Fifteen months into widowhood, what do I miss?
Touch and Talk.
Sex, yes, of course, but the desire for that pales beside the need to be touched. I have a serious case of skin hunger.
Couples who live together in intimacy take for granted the many times in a day when they touch each other, from bumping into one another in the bathroom, to fingertips brushing over a coffee cup or one cold foot seeking out the warmer one under the blanket.
I miss my husband's hands on my back, applying the suntan lotion in the hard-to-reach place; moving up and down with the zipper, turning my shoulders to the light where, his face a picture of fierce concentration, he would try to fasten a clasp on a necklace or that tiny hook at the top of the dress, swearing all the while. Then, when he had conquered that pesky closing, he would plant a kiss on the nape of my neck.
I miss his hip touching mine in the backseat of a taxi, his hand under my elbow when we cross a street, the pressure on my arm, holding me back when I don't see a car coming.
I miss that hand gently tucking an errant hair back behind my ear; at the back of my neck, pulling me into an embrace; two fingers pressed against my lips in a symbolic kiss or as a way of telling me to stop talking, that my worries are foolish. I miss the way he wrapped his arms around me in a hug, when he held my coat for me, the playful pat on the bottom in the kitchen; the hand clasping mine at a poignant moment in a film. I miss him pulling me into his arms to dance, feeling his body lead mine, one hand on my waist, the other in mine, our legs moving together in rhythm.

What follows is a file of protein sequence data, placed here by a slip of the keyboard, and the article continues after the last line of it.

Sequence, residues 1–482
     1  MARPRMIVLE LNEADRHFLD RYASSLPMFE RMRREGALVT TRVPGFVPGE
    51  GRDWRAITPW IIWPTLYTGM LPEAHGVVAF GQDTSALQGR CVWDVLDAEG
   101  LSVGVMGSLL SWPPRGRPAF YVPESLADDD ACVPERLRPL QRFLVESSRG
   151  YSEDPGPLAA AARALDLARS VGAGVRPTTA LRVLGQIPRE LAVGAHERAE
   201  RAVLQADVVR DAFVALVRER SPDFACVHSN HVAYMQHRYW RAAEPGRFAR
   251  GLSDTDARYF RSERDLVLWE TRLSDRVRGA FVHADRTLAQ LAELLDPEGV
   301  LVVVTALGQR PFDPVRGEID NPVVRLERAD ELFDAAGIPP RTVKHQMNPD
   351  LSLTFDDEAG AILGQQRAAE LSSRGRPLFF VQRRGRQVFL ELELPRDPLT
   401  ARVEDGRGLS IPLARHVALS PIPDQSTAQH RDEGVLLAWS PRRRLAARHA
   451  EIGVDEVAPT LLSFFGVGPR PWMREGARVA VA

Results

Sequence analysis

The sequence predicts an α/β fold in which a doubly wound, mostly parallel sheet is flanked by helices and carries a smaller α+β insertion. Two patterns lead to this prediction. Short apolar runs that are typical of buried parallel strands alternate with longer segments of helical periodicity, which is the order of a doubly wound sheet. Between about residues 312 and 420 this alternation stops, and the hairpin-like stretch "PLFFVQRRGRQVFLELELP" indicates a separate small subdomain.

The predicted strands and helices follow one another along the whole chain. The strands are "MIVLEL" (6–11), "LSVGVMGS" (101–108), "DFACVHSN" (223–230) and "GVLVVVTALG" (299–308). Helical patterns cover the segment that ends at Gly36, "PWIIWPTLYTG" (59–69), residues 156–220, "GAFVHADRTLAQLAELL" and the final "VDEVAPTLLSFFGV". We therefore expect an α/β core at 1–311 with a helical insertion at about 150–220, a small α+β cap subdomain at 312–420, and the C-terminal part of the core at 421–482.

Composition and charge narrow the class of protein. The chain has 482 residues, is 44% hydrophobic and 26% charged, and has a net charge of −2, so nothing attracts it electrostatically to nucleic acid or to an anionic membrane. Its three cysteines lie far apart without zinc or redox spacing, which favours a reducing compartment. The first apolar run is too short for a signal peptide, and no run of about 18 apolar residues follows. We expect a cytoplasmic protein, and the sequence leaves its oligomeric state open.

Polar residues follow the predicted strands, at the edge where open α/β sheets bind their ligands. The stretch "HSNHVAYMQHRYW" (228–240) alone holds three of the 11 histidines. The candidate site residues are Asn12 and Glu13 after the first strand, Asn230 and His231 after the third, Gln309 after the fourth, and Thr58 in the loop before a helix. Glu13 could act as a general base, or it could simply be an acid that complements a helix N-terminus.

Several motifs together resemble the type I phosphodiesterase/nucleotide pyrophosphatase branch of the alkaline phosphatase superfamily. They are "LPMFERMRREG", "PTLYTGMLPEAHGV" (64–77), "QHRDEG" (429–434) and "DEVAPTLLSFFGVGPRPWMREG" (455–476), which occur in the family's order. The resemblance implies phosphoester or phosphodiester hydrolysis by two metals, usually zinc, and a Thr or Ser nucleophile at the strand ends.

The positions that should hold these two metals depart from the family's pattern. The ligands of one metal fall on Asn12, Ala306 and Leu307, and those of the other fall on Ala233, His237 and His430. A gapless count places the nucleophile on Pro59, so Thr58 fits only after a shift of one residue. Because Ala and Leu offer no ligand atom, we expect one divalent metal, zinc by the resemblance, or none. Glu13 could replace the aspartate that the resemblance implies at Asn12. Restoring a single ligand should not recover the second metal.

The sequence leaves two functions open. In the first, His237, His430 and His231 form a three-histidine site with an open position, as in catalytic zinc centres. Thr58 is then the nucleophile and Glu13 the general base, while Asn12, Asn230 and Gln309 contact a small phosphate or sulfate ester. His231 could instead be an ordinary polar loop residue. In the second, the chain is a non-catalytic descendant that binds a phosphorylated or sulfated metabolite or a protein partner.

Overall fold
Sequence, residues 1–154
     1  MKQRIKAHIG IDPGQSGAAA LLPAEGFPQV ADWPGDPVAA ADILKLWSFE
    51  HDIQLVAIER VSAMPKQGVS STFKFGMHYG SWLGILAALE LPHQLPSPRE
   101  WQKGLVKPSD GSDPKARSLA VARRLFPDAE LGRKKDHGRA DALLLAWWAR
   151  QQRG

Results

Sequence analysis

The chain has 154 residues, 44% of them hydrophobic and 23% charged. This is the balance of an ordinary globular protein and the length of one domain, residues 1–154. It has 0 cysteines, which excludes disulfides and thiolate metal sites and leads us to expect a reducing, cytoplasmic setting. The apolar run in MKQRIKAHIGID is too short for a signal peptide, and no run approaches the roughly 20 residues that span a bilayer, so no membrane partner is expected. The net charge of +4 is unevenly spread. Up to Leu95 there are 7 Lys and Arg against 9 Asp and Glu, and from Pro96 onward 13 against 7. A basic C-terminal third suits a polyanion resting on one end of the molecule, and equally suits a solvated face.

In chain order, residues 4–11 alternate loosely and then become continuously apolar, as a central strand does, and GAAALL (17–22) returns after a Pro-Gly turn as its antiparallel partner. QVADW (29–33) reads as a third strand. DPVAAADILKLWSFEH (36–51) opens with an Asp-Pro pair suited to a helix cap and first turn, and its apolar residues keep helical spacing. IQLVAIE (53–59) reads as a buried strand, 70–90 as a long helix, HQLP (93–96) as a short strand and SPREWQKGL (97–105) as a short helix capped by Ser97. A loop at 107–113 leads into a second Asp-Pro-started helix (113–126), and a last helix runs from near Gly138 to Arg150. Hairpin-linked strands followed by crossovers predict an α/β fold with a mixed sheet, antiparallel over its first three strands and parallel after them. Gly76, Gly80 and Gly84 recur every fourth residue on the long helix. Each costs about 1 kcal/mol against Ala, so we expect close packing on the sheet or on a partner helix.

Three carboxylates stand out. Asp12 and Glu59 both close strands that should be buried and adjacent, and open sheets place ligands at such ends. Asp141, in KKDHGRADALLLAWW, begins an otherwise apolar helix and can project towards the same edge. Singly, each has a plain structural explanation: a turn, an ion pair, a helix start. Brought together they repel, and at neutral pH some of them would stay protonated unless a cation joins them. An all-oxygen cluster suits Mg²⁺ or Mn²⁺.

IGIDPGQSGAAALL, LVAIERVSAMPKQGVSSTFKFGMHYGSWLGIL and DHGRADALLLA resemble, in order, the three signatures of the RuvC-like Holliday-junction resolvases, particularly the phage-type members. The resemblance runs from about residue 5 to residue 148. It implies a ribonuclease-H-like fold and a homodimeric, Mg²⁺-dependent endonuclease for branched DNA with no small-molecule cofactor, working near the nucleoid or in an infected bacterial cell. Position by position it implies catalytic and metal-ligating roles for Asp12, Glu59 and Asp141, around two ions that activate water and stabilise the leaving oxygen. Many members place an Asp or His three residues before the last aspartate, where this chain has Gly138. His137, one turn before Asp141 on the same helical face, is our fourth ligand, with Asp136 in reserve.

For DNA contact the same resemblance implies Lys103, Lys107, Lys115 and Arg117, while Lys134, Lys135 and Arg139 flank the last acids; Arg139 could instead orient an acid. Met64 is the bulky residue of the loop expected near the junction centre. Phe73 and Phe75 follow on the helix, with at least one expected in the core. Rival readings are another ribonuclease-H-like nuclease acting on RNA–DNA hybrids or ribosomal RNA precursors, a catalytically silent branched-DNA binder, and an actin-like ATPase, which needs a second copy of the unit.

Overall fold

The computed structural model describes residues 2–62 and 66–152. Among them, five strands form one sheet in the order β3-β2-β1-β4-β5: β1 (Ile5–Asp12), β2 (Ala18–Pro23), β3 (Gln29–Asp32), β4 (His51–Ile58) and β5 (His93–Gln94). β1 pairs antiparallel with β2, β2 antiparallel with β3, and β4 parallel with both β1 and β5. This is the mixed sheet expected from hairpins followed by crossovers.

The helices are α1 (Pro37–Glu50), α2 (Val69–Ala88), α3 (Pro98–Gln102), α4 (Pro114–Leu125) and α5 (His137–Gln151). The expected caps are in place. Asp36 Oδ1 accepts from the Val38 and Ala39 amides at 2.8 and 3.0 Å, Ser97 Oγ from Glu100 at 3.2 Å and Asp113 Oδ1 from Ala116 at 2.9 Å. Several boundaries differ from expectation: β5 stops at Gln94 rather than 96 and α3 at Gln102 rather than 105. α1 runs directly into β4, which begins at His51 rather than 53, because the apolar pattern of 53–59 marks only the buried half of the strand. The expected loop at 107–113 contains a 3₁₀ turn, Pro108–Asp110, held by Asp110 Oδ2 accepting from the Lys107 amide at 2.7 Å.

I miss his touch -- on my forehead, checking to see if I have a temperature, kneading a sore muscle --his hands, applying the band-aid, holding out the water and the Aspirin.
I remember now that when he came to the dining table, before he sat down he would just brush my shoulder. I hardly noticed it at the time. But was more than a touch, it was his way of saying "The food smells good, the table looks pretty, I am glad to be here with you." All that, communicated with the smallest stroke. Which I took for granted.
And it is that kind of talk that I miss, the kind that doesn't need words. The mutual irritation we would feel when some blowhard sucked all the energy out of the room and took over the conversation at the dinner party; the way, without a word or even looking at each other, we knew it was time to leave the cocktail party, turn off the uncivil television talk show, to have a drink, the moment to move into the shade, to go to bed.
I miss the verbal kind of talk too, the analysis of what went before at the end of the evening and above all, the safety in the security that, whatever we said, would not be repeated or held against us. But that kind of conversation disappeared from our marriage a very long time ago, swallowed up by that thief, Alzheimer's.
So, from this sad place of widowdom, let me urge each of you with loving, living partners, to cherish and acknowledge the insignificant, uncounted, taken for granted, touch and talk aspect of your life together.
Those are the things to treasure, they are what -- should life be interrupted -- you will surely miss.
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